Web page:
This is the third in a series of five posts reviewing the nominees for the 2013 Best Young Adult Novel Edgar Allan Poe Award, the winner of which will be announced on 2nd May 2013.
Set during World War Two, Code Name Verity tells the story of two young women, Maddie, a working-class pilot from Manchester, and Queenie, a Scottish aristocrat turned wireless operator. Thrown together by circumstance, the two girls forge a strong friendship which is tested to its limits when one of them is captured by the Gestapo in France.
How on Earth did Code Name Verity ever get nominated for a mystery award? Over the course of the last couple of months, Code Name Verity has been nominated for numerous awards and made it onto just about every best young adult book list for 2012. I don’t have a problem with that. What I can’t understand is it being nominated for the Best YA Novel Edgar award because, well, to put it simply, IT’S NOT A MYSTERY!!!
According to Elizabeth Wein’s afterward to the book, Code Name Verity started life as a portrait of a female Air Transport Auxiliary pilot in WW2 and built from there. It’s a work of historical fiction and Wein did her best to make it as historically accurate (or at least plausible) as possible. That's the thing I liked most about this book. It takes historical facts and turns them into a story that's a lot more accessible than a boring History textbook. Yet, nowhere have I found any suggestion on the part of Wein that she ever intended Code Name Verity to be a mystery.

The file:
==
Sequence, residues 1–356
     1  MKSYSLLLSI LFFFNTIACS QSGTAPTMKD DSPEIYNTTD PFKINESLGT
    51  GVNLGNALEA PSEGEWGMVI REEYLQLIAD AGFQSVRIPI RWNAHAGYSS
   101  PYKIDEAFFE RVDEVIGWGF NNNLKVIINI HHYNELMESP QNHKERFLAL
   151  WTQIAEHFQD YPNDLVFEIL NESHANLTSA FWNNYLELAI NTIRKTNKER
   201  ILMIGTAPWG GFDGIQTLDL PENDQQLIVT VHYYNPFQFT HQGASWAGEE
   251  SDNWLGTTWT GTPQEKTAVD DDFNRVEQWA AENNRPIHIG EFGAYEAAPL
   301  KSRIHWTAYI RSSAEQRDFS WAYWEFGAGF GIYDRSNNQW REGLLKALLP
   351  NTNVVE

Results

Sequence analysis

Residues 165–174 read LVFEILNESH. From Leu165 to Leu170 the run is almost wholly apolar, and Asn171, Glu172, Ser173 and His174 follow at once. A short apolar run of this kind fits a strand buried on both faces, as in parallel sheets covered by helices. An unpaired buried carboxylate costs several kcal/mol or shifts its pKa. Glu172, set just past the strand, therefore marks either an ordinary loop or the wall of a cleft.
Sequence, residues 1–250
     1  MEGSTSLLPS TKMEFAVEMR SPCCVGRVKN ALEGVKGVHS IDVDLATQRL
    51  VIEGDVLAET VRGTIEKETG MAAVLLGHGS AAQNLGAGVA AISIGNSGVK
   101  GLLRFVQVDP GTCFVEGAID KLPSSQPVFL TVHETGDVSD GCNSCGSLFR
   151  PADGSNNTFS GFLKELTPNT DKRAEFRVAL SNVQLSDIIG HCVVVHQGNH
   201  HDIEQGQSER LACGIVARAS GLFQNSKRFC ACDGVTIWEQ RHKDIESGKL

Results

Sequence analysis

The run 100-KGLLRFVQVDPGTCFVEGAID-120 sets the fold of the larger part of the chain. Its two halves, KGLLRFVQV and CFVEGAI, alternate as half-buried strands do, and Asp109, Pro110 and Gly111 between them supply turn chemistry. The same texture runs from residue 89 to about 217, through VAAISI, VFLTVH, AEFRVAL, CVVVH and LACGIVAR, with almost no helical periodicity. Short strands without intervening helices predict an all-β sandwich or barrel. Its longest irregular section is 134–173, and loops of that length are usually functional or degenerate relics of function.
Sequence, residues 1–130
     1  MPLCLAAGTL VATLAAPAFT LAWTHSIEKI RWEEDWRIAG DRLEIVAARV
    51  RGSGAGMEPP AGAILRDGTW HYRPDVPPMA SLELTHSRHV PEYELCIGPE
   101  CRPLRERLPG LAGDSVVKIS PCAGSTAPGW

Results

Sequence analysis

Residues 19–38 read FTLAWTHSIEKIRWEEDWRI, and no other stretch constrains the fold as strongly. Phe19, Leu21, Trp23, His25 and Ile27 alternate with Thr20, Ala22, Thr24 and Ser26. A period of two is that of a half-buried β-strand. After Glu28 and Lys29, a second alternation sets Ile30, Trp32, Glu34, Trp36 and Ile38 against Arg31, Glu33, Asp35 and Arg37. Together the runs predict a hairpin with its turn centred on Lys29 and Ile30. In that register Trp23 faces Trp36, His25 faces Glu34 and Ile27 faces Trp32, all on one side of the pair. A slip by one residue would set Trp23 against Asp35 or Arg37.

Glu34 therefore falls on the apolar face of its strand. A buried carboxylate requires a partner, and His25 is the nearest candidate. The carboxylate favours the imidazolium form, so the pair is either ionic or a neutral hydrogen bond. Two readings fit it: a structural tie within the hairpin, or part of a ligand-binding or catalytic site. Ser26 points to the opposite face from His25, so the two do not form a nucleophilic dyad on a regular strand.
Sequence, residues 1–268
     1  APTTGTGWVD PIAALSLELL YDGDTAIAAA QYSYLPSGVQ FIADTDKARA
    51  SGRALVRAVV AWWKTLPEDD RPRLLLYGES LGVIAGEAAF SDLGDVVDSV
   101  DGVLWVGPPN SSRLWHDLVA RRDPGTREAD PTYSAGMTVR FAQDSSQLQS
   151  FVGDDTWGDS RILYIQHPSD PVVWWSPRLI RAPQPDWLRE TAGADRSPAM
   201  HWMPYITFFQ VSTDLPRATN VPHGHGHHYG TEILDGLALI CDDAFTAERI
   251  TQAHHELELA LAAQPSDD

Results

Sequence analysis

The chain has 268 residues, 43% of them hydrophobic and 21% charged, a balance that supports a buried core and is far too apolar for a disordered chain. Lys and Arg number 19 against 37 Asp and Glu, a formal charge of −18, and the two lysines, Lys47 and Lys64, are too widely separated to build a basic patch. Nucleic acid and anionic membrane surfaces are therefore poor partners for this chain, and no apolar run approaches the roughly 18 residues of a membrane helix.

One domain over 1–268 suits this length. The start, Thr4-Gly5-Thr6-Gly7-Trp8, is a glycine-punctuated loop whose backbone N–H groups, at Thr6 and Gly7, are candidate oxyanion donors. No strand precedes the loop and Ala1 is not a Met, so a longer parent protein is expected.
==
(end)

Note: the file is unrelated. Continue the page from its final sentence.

By definition, a mystery is a book with a puzzle (usually a crime) at its heart, with the emphasis being on finding a logical solution to that puzzle. Although, as in just about every book ever written, there are things that are not initially revealed by the narrator, discovering those secrets is not the point of this book. It is a story of friendship; it’s about how Maddie and Queenie became what they are and the adventures they have together after they meet; and it’s about the lengths they go to because of their friendship. Given the fact that Code Name Verity had been nominated for a mystery award, I looked very hard for any elements that could even vaguely class is as a mystery, but try as I might, I couldn’t find them because they’re just not there.
Code Name Verity has been incredibly well received by critics and readers alike, and I imagine it will be set for study by high school History and English teachers for many years to come. Nevertheless, just because a book has been critically acclaimed, it doesn’t necessarily mean that it should automatically be nominated for every award there is. Regardless of how good Code Name Verity is, it seems completely wrong for it to even be considered for a mystery award. There are dozens of awards out there for fiction in general, but only a handful, such as the Edgars, dedicated specifically to mysteries. If a non-mystery can potentially win an Edgar award, then why bother having the Edgars at all?
Verdict: A thoroughly researched historical novel that has touched the hearts of many, but definitely not a mystery by any definition.